A Lafayette chiropractor who had previously refused to comply with health orders mandating the use of masks was ordered to do so by a judge Wednesday, following a hearing in which the chiropractor appeared by video surrounded by dozens of maskless people in his office.
Boulder District Judge Andrew Hartman granted a motion filed by Boulder County Public Health ordering that Zack Alme of Life House Health Solutions, 309 Waneka Parkway, comply with state and county orders requiring the use of masks due to the coronavirus pandemic.
Boulder County Assistant Attorney Olivia Lucas stressed they are not shutting down Alme’s business, simply telling him he needed to comply with health orders.
“We just want him to wear masks,” Lucas said.
While Hartman said he “sympathized” with Alme, he said the county had met its burden in asking for the permanent injunction.
“There are many things we have to do as citizens that we don’t like doing, like paying taxes,” Hartman said.
According to the complaint filed by Boulder County Public Health, the county received numerous complaints about Life House violating public health orders between June and March.
Lucas Hayes, an employee with Boulder County Public Health, said he went to the business twice, and both times observed people leaving without masks. He also saw no signage requiring masks, and in fact saw signs that stated Life House would not be following health orders.
One sign said Life House was a “constitutionally compliant business” and that “by law, we do not follow any of the governor’s, mayor’s, health department’s or other government agency orders or suggestions pertaining to social distancing or mask wearing. Your health is your responsibility.”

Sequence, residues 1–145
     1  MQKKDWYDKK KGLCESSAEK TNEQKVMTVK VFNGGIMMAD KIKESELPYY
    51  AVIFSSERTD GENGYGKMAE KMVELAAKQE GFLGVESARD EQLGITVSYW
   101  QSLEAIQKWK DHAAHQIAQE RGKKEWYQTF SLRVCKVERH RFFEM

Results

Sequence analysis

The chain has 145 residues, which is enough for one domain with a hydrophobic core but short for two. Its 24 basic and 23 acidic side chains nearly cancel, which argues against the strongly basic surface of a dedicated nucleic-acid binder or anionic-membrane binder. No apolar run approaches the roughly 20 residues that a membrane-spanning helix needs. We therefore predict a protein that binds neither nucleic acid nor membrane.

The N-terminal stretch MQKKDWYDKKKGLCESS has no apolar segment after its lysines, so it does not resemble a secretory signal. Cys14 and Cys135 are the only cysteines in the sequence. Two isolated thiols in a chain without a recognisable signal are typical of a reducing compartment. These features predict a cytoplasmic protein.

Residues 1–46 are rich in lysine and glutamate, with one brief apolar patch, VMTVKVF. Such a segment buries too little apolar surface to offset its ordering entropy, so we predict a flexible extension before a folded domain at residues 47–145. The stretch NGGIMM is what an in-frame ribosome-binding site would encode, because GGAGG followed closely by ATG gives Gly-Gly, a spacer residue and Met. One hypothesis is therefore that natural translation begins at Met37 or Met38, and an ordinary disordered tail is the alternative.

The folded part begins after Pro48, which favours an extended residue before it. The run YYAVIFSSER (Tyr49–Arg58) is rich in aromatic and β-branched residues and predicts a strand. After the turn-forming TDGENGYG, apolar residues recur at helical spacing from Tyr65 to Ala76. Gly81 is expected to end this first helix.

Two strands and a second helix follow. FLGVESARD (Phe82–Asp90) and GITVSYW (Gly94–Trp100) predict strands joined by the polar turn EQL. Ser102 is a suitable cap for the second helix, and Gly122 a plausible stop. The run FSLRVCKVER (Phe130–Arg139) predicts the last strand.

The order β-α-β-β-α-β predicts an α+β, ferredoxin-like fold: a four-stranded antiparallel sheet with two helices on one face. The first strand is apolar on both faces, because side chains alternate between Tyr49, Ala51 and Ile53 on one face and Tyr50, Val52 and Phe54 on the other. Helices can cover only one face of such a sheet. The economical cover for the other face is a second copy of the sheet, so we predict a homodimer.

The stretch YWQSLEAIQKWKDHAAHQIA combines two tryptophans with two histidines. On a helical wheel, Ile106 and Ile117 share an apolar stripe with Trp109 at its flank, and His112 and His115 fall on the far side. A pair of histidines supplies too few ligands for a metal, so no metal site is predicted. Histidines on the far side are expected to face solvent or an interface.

According to the complaint, Alme responded to the county questioning the legality of health orders and said he believed they conflicted with federal and Constitutional laws.
At Wednesday’s hearing Alme, appearing without an attorney, was surrounded by what appeared to be 50 people in his office.
The number of people in his office was only brought up once, when Lucas reminded Alme that he was already under a temporary restraining order requiring he comply with the mask mandate.
Alme gave several reasons why he did not believe he should have to wear a mask at his business, including saying it violated his religious beliefs, that it was a “forced medical procedure,” that the health order amounted to public officials “practicing medicine without a degree,” and that masks actually increased the spread of the virus.
Alme also referred to the masks as “face diapers.”
Alme’s only witness was a 78-year-old patient, who was in the room without a mask. The woman stated that she had prior health issues, which experts said actually makes her at a higher risk for COVID, but said she could not wear masks and has felt better since coming to Alme and had “zero” fear of the virus.
Alme also questioned whether or not anyone from his office had gotten the virus, but Carol Helwig, Boulder County communicable disease program manager, said Colorado has not been able to do case investigations for months due to the number of cases.
Helwig also disputed Alme’s assertion that masks and social distancing did not lower COVID transmission rates, citing studies by the Center for Disease Control. Helwig said that Alme, by continuing to practice while not requiring masks, was putting the whole community at risk.
“By allowing a large number of people to be in his office without face coverings, he is running a risk of transmission of the virus occurring in his place of business,” Helwig said. “That disease-transmission chain can then become very large, even from one location.”
Hartman noted that community concern was also a factor in his ruling. While he acknowledged, “everyone is clearly frustrated with this pandemic and everyone wishes it were over,” he noted Helwig’s testimony that masks and social distancing would help to stop variants from spreading before people could get vaccinated.
“We’re in the red zone, all we have to do is get through perhaps the next few months,” Hartman said. “What we don’t want is to have variants rage through the community.”
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